The findings suggest that there is a relationship between PA and HRQoL. However, the nature of the study means that it is not possible to accurately dissect the nature of this relationship. It is important to consider the constituents of the HRQoL gains associated with PA captured in this study. Participation in PA generally tends to be associated with two main types of benefits i.e. physical benefits (reduced risk for ill-health conditions, improved fitness levels) and psychological benefits (e.g. mental simulation during participation, improved psychological health) [33
]. Given the cross sectional nature of our study and the fact that ill-health conditions were controlled for in the analysis, the benefits captured may more likely be psychological benefits. However, we are not able to determine the exact nature of these benefits. For example, the improvements in HRQoL associated with PA might be considered to be ‘process benefits’ that arise from engagement in PA. These might occur due to the process of participating (increased social interactions resulting from group participation or time spent outdoors), improved self-esteem (e.g. positive perceptions of competences and the physical-self) or biologic mechanisms (increased endorphin levels as a result of PA). Further research is needed to understand the relationship between PA and HRQoL and this may need to comprise both quantitative and qualitative methods.
Related to this, is the degree to which these benefits are lasting which also warrants further exploration as its crucial to how HRQoL gains are converted into outcomes (e.g. quality adjusted life years or ‘QALY’s’) in an economic evaluation. Sustaining PA levels is necessary if the risks of long-term conditions are to be modified. However, it remains unclear whether any process benefits associated with PA, as defined above, are sustained over time or whether these are associated with moving from a sedentary lifestyle to an active lifestyle, meaning individuals accrue a ‘one-off’ benefit to HRQoL. One might consider that HRQoL improvements arising from improved self-esteem are transitory whereas improvements resulting from biologic mechanisms might be sustained over time.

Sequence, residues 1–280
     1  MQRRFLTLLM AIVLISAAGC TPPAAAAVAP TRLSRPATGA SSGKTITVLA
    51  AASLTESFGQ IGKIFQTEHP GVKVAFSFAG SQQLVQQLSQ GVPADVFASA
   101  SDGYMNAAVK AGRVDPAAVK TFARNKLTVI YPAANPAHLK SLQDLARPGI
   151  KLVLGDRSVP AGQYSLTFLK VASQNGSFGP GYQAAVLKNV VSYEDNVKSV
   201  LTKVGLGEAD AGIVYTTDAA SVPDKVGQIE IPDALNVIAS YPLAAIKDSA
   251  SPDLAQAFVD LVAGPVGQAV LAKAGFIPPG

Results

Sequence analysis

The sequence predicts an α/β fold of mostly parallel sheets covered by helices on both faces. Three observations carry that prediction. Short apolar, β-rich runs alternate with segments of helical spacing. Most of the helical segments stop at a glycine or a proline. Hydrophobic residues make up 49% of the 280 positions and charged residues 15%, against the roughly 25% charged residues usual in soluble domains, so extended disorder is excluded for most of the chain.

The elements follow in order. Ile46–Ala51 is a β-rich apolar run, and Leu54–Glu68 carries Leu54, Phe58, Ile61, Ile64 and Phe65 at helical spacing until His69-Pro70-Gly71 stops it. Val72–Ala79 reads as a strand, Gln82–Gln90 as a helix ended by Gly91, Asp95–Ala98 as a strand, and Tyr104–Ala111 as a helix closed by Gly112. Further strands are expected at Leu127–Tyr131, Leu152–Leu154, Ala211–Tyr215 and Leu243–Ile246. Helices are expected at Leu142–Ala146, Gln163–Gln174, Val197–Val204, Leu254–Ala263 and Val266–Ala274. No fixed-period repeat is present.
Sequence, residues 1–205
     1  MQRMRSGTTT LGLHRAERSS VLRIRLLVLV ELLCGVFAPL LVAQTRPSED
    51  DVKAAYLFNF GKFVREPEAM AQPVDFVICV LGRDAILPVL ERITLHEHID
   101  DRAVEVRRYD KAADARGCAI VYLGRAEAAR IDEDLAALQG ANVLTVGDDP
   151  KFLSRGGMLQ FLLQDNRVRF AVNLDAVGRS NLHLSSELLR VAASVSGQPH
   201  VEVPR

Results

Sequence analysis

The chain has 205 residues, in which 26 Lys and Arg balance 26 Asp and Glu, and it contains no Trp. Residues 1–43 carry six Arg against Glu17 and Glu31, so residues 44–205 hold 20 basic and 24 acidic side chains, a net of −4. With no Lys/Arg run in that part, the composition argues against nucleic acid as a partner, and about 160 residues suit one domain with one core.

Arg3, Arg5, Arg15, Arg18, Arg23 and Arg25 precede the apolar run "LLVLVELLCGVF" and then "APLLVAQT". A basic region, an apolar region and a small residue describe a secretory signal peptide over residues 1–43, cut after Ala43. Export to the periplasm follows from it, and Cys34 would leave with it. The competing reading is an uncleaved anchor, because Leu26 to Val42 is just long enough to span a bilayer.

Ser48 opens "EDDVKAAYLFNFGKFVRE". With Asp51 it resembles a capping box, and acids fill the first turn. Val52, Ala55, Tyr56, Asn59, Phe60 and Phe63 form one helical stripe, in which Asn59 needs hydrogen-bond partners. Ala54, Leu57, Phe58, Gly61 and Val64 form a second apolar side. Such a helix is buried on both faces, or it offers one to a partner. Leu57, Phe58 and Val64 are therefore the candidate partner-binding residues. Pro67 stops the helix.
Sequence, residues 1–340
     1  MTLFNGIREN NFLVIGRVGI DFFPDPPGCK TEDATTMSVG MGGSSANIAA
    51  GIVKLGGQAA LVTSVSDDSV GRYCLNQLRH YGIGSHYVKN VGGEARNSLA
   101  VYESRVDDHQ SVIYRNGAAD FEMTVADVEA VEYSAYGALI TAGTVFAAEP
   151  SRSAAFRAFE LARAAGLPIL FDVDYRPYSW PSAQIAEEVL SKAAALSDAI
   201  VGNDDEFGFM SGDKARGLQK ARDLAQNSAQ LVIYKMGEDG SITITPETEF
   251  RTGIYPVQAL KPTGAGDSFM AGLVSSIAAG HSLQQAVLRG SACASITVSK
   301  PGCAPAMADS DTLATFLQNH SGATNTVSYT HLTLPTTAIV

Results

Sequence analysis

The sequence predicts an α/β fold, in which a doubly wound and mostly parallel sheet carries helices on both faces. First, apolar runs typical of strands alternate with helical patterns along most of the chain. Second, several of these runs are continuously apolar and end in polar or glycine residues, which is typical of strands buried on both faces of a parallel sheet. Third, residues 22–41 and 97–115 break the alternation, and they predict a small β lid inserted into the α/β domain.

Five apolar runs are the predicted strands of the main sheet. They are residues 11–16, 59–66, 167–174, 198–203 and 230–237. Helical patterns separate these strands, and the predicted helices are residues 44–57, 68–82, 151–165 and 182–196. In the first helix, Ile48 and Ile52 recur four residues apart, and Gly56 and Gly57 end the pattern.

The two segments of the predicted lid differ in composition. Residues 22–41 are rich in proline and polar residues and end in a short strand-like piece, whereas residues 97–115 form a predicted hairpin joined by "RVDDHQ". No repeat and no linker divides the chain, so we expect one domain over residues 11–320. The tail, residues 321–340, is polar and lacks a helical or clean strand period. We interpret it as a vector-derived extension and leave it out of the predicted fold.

Notwithstanding these limitations, the findings here do indicate the potential for generating policy relevant information on promotion and evaluation of PA programmes. Programmes aimed at improving the uptake of PA might encourage participation rates by making people aware of the potential gains (which might occur sooner than later) associated with participation. In terms of economic evaluation, the findings here reinforce the need for investigation into the impact of the inclusion of such HRQoL gains. Previous analyses have suggested that including such benefits, alongside the longer-term benefits resulting from reduced incidence of long-term conditions, will lead to an improvement in the cost effectiveness of interventions designed to increase PA [35
]. However, further research is required to understand the relationship between HRQoL improvements which might result directly from participation in PA as differentiated from improvements that result from sustained participation and reduced incidence of long-term conditions. Only by examining these relationships will we be in a position to accurately determine the cost effectiveness of interventions designed to promote PA.